New York City's mayor has ordered a human rights probe into Amazon's firing of a warehouse worker who led a strike against the company over coronavirus safety concerns
- New York City Mayor Bill de Blasio has ordered an investigation into Amazon's firing of a warehouse worker the same day he participated in a strike against the company, Reuters reported Tuesday.
- Amazon fired the employee, Chris Smalls, Monday evening after he had helped organize a walkout earlier in the day to protest the company's coronavirus response.
- Smalls said he was fired in retaliation for his activism and that "Amazon would rather sweep a problem under the rug than act to keep workers and working communities safe," according to a statement sent to Business Insider.
- Amazon has denied the claim and said it fired Smalls for violating a quarantine order it issued after Smalls came into contact with a co-worker who tested positive for COVID-19, the company told Business Insider.
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New York City Mayor Bill de Blasio announced Tuesday that he has ordered the city's human rights commissioner to investigate Amazon's firing of a warehouse worker who participated in a protest against the company, according to Reuters.Amazon fired Chris Smalls, an assistant manager at the company's Staten Island, New York, facility on Monday evening after he helped organize a strike earlier in the day to protest Amazon's health and safety policies following a colleague testing positive for coronavirus.Advertisement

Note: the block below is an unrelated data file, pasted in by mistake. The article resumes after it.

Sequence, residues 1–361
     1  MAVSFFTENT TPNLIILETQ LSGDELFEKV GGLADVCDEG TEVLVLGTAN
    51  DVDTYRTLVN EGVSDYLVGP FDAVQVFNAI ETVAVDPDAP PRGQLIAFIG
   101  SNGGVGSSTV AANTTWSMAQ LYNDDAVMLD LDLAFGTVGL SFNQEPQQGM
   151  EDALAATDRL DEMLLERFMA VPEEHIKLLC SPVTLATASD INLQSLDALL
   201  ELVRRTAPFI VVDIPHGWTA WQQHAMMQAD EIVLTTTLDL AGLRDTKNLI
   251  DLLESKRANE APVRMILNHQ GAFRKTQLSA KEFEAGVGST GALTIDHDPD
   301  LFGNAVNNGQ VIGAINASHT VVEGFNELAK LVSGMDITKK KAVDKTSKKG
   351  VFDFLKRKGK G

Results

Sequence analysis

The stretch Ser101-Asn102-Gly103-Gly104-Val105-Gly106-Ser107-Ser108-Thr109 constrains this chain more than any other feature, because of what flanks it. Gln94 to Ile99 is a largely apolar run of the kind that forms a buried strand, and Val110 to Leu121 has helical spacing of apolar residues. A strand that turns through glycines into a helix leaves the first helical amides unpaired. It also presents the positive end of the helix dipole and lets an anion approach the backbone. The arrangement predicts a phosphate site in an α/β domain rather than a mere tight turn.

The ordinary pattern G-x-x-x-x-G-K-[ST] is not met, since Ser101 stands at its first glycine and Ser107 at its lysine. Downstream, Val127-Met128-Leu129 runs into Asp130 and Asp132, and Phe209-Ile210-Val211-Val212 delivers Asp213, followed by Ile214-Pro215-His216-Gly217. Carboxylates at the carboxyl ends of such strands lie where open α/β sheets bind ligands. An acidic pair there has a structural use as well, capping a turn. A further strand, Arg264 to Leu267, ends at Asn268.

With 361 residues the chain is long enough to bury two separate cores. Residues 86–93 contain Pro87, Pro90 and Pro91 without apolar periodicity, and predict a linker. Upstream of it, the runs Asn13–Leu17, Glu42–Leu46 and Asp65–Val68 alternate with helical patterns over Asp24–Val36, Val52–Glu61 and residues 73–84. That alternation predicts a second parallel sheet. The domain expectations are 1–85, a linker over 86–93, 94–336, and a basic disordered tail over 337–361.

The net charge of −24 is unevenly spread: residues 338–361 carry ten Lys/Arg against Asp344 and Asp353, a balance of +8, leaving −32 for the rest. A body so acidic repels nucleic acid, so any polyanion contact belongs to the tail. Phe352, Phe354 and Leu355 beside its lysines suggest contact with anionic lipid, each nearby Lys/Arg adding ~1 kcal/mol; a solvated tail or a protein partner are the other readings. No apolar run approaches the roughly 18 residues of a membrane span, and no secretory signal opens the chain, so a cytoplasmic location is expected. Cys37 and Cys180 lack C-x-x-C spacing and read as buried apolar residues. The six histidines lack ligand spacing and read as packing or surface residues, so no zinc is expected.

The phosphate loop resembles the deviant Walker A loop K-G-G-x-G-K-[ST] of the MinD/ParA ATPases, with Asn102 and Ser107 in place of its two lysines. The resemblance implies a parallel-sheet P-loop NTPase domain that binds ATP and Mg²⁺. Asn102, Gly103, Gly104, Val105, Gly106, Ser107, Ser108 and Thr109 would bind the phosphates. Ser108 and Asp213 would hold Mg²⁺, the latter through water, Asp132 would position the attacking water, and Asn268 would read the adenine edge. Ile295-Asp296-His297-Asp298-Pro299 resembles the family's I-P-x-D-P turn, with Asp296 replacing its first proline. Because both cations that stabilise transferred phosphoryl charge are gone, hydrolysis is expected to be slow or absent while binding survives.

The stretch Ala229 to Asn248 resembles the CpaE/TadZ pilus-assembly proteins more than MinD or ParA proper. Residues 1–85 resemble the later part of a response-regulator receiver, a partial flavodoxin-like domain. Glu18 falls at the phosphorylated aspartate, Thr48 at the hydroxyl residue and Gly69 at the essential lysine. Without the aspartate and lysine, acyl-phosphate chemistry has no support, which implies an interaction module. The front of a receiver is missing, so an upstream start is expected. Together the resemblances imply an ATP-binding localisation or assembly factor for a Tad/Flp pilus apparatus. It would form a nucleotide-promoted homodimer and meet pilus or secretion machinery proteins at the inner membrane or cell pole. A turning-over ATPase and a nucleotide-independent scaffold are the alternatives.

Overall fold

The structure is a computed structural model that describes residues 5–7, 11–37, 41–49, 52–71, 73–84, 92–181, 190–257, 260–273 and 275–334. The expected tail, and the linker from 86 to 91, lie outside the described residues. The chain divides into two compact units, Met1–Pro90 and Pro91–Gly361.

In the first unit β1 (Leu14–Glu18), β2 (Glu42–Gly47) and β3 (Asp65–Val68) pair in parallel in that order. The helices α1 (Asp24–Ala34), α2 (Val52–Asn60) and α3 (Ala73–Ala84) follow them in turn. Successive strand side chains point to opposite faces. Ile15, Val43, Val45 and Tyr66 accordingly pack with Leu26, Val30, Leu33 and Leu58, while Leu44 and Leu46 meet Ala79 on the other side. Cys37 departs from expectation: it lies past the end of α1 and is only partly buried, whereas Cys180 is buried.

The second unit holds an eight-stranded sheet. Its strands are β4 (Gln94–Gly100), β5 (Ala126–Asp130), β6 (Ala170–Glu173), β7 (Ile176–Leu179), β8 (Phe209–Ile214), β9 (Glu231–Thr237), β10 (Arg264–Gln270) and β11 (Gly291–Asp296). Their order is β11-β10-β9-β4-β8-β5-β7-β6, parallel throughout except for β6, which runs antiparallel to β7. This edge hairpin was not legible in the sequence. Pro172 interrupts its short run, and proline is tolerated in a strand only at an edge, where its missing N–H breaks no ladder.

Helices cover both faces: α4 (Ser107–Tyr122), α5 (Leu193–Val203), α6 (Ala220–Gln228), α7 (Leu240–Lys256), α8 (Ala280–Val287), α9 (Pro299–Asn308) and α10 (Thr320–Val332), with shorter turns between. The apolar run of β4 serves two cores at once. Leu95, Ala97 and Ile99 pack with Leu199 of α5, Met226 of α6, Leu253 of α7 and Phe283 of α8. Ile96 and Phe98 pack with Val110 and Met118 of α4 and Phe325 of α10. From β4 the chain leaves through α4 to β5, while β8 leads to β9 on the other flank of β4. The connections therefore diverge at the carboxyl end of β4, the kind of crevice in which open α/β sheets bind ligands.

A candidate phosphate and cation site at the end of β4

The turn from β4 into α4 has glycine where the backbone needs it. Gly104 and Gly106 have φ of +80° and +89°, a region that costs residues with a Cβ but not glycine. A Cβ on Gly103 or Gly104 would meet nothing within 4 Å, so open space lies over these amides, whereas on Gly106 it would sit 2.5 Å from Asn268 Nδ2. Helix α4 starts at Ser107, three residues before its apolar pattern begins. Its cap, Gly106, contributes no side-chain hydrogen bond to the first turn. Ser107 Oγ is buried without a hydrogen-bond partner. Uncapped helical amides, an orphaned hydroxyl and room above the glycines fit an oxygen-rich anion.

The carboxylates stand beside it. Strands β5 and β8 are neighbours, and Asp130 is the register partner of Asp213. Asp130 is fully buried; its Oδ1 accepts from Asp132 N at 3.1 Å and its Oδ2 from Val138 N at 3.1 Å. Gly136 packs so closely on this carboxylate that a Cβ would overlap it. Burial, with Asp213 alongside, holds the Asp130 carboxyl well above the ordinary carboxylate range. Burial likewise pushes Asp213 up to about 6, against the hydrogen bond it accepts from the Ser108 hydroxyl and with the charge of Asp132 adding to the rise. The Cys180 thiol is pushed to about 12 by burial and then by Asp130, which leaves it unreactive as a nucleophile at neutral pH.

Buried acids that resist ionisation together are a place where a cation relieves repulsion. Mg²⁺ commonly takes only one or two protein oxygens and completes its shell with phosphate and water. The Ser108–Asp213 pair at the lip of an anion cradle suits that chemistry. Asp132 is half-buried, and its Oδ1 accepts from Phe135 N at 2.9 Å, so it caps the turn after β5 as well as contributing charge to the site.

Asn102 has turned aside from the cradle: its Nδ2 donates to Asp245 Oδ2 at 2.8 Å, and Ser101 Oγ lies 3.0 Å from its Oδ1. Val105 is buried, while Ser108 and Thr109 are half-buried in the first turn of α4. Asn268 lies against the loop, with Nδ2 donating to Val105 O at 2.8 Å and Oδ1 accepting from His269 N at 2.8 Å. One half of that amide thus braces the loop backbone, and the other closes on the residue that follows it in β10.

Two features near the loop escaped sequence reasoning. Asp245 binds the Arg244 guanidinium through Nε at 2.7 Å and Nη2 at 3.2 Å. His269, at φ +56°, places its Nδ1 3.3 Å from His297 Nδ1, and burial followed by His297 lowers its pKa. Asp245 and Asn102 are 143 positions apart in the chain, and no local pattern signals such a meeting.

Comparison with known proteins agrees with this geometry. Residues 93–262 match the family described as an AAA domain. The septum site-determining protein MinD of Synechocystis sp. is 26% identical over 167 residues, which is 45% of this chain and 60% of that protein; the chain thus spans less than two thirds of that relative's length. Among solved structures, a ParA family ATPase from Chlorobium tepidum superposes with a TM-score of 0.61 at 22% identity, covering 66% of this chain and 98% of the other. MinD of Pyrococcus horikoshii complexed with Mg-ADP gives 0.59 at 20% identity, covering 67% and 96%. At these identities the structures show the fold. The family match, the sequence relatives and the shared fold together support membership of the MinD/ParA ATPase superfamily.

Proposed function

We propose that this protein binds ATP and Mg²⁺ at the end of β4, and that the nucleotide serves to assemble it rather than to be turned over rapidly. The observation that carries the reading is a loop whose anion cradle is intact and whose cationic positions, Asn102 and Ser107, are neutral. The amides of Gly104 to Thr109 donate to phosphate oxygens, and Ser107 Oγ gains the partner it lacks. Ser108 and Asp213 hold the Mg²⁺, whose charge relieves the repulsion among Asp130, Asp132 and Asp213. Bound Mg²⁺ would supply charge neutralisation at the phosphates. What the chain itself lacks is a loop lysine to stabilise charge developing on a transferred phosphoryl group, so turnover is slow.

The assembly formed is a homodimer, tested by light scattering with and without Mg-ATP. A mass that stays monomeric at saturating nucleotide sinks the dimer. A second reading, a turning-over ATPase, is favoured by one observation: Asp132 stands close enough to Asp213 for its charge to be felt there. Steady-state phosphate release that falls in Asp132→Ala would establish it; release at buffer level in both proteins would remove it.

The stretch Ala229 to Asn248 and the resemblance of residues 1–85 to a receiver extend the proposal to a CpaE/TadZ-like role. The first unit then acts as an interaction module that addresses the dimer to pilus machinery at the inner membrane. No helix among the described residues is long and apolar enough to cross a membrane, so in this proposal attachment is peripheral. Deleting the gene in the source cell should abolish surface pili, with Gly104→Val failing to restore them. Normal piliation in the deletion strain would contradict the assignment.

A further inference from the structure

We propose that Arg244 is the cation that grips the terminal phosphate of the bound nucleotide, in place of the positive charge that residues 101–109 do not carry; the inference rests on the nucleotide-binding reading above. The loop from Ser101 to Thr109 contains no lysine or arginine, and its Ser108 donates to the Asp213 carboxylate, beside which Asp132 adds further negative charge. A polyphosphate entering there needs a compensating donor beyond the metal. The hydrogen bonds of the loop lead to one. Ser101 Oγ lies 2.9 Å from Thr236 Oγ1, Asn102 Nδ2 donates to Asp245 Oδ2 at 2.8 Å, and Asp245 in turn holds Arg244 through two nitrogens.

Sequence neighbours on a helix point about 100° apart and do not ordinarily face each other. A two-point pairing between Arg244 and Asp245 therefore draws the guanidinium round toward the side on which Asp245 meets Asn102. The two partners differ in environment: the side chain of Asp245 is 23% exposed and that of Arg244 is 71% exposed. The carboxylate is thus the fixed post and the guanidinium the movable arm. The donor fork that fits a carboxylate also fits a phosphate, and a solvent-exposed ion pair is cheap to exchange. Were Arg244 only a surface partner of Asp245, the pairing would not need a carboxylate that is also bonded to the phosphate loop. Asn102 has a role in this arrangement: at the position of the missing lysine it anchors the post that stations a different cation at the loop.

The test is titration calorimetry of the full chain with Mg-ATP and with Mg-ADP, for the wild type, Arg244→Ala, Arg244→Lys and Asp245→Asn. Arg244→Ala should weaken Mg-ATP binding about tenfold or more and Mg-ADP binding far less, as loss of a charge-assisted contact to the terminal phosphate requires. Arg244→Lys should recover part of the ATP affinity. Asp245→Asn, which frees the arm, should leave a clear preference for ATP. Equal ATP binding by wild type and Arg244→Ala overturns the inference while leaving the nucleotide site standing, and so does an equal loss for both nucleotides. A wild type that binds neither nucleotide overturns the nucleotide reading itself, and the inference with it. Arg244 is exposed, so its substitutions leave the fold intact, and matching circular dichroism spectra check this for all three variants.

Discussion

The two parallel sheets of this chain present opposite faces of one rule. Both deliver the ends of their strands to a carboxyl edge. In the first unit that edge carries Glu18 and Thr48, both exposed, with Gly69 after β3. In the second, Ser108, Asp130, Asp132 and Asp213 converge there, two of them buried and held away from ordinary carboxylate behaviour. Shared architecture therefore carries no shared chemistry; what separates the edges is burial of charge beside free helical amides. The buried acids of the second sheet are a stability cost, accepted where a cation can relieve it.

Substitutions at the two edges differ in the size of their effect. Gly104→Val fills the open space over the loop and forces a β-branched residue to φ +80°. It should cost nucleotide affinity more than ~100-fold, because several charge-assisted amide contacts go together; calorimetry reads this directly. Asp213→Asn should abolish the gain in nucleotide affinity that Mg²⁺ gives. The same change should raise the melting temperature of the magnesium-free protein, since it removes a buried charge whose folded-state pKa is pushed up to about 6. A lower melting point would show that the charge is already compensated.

Smalls claimed he was fired in retaliation for his involvement in the protest, telling Business Insider in a statement: "Amazon would rather sweep a problem under the rug than act to keep workers and working communities safe."
Amazon has denied Smalls' accusations, saying it fired him for repeatedly "violating social distancing guidelines and putting the safety of others at risk" after it asked him to stay home on paid sick leave after he came into "close contact with a diagnosed associate with a confirmed case of COVID-19," the company told Business Insider in a statement Monday.New York Attorney General Letitia James spoke out against Smalls' termination Monday evening as well, calling Amazon's decision "disgraceful," and telling Business Insider that her office is "considering all legal options" and has called on the National Labor Relations Board to open its own investigation.
Amazon has faced pushback from workers as well as regulators who say it hasn't done enough to protect workers from exposure to the coronavirus, with workers in Italy protesting over similar issues last week. Amazon has confirmed COVID-19 in at least 11 of its warehouses.Amazon has implemented additional cleaning and social distancing measures, the spokesperson told Business Insider. However, critics have argued that the measures haven't gone far enough as Amazon tries to balance the safety of workers with increased demand for its services.Advertisement